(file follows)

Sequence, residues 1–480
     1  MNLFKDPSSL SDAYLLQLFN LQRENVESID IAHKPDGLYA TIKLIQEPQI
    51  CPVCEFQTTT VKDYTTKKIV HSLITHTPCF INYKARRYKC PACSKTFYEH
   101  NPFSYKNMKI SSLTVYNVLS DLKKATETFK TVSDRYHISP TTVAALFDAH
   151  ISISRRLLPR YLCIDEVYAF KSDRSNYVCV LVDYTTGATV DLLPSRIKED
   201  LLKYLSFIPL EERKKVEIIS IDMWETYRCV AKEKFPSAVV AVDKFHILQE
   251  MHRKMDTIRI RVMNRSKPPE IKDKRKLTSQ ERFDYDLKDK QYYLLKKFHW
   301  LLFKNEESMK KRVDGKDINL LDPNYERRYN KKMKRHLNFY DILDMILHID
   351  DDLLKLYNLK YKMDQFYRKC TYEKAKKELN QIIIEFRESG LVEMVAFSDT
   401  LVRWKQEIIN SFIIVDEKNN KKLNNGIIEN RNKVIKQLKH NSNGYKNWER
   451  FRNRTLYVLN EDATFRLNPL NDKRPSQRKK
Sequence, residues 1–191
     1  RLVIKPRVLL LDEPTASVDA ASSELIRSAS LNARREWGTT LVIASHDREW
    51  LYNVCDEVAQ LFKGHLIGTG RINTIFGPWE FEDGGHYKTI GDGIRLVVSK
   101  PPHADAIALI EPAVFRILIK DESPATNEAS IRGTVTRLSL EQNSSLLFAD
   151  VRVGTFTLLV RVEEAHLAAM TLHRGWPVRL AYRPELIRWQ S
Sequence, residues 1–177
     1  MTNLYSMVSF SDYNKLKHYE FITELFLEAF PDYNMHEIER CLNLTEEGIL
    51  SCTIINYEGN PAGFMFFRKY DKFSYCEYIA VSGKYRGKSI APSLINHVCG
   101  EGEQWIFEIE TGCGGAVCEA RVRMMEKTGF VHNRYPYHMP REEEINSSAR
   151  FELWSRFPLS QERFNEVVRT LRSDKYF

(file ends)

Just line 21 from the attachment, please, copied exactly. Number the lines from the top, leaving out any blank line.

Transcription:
   151  FELWSRFPLS QERFNEVVRT LRSDKYF